By submitting your personal information, you agree that TechTarget and its partners may contact you regarding relevant content, products and special offers.
- Only install the packages and components you require for your hosts. Any host build should start from the Red Hat 'minimal' build and then add any required additional packages.
- Update your hosts frequently and ensure any known vulnerabilities are addressed using patching, updates or workarounds.
- Remove any unneeded users and groups. Also change the passwords of, and preferably lock, any user accounts which do not need to log in. Remember to chose strong passwords and change them on a regular basis.
- Remove any unnecessary process, daemons or services. Red Hat comes with a number of services you probably don't need, for example, unless you need NFS you should disable it and any related services.
- Firewall your hosts and your network. Install a firewall such as iptables to your host and secure it. Install a firewall between your hosts and any external networks. Ensure you firewall both incoming and outgoing traffic so as to only allow those services and daemons which you actually require to send and receive traffic on your host.
- Secure incoming connections to your hosts. This includes tools such as ssh where you should, for example, disallow root logins. This also applies to securing services, such as mail, which you might want to allow through your firewalling. Limit access to these services to the resources, hosts and networks that require them.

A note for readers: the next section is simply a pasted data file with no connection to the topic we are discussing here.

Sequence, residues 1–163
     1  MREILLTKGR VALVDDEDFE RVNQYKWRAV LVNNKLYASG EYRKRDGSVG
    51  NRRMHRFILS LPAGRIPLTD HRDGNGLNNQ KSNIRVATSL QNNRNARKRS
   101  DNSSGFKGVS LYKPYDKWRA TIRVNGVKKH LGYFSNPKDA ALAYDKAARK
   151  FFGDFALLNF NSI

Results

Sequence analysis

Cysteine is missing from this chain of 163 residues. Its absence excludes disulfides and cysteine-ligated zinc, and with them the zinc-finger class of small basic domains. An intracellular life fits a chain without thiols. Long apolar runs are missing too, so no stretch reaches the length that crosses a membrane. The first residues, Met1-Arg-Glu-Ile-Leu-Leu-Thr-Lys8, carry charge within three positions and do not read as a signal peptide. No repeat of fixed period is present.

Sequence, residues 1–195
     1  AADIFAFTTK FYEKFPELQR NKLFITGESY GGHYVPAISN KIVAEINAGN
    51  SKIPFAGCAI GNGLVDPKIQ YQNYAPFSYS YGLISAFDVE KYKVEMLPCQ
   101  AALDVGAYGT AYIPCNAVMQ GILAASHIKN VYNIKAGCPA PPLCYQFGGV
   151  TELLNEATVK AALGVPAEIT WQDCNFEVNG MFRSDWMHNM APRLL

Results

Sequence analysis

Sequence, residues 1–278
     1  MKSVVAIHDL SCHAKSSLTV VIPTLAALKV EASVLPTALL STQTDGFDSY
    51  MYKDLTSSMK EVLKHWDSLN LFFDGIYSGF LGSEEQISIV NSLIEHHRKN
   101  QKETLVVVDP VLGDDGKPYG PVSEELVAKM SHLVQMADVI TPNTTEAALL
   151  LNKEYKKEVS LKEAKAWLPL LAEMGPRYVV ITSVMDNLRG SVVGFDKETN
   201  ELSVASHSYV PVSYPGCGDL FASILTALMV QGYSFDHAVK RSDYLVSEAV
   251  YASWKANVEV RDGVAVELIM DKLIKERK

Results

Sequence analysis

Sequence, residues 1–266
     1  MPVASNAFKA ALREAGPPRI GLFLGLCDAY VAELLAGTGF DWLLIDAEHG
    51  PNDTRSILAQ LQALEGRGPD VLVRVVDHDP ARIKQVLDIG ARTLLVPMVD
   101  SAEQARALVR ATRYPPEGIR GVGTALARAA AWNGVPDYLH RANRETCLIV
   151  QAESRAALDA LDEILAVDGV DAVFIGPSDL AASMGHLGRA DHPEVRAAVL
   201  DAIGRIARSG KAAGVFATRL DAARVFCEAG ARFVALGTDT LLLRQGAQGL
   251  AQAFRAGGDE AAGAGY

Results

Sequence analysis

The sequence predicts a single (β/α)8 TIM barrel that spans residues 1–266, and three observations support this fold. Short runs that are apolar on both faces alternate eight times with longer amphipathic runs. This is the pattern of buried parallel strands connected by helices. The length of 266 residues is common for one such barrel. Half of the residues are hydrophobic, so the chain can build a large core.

- Install network- and host-based Intrusion Detection Systems (HIDS) and/or integrity checking application such as Tripwire on hosts.
- Look at hardening the base operating system and kernel of your hosts with additions such as Security Enhanced Linux or Openwall.
- Log. Log some more. And then sort, correlate, alert and -- most importantly --review your logs and alerts.
- Review Red Hat's security announcements and general Linux security lists for vulnerabilities or bugs relevant to your hosts. Awareness is the first step in prevention.
Dig Deeper on Linux network administration
Related Q&A from James Turnbull
A user wants to implement OSSEC on a Windows server because he has no server side Linux operating system.continue reading
Solaris 10 Trusted Extensions and SELinux are best suited to different system requirements and administrator skill sets. Our security expert explains...continue reading
Configuring spam filters Spamassassin and dspam together in the email server Postfix is easy with the resources listed by our security expert.continue reading
Have a question for an expert?
Please add a title for your question
Get answers from a TechTarget expert on whatever's puzzling you.